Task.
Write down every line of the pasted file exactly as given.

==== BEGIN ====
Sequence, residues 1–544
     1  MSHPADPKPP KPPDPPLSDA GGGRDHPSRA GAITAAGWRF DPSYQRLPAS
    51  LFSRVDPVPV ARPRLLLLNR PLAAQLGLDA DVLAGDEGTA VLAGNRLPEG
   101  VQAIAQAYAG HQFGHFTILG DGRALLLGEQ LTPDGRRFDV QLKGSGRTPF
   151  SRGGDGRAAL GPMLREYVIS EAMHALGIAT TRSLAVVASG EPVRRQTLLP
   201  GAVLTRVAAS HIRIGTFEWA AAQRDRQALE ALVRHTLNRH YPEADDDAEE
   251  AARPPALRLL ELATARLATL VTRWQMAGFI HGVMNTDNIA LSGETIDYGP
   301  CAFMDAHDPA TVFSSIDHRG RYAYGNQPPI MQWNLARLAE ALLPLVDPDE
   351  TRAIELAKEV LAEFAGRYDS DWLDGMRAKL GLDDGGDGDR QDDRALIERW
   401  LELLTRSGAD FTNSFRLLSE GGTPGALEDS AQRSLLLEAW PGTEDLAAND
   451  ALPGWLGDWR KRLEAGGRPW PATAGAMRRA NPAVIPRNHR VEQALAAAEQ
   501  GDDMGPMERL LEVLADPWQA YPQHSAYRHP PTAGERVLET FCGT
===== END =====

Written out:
Sequence, residues 1–544
     1  MSHPADPKPP KPPDPPLSDA GGGRDHPSRA GAITAAGWRF DPSYQRLPAS
    51  LFSRVDPVPV ARPRLLLLNR PLAAQLGLDA DVLAGDEGTA VLAGNRLPEG
   101  VQAIAQAYAG HQFGHFTILG DGRALLLGEQ LTPDGRRFDV QLKGSGRTPF
   151  SRGGDGRAAL GPMLREYVIS EAMHALGIAT TRSLAVVASG EPVRRQTLLP
   201  GAVLTRVAAS HIRIGTFEWA AAQRDRQALE ALVRHTLNRH YPEADDDAEE
   251  AARPPALRLL ELATARLATL VTRWQMAGFI HGVMNTDNIA LSGETIDYGP
   301  CAFMDAHDPA TVFSSIDHRG RYAYGNQPPI MQWNLARLAE ALLPLVDPDE
   351  TRAIELAKEV LAEFAGRYDS DWLDGMRAKL GLDDGGDGDR QDDRALIERW
   401  LELLTRSGAD FTNSFRLLSE GGTPGALEDS AQRSLLLEAW PGTEDLAAND
   451  ALPGWLGDWR KRLEAGGRPW PATAGAMRRA NPAVIPRNHR VEQALAAAEQ
   501  GDDMGPMERL LEVLADPWQA YPQHSAYRHP PTAGERVLET FCGT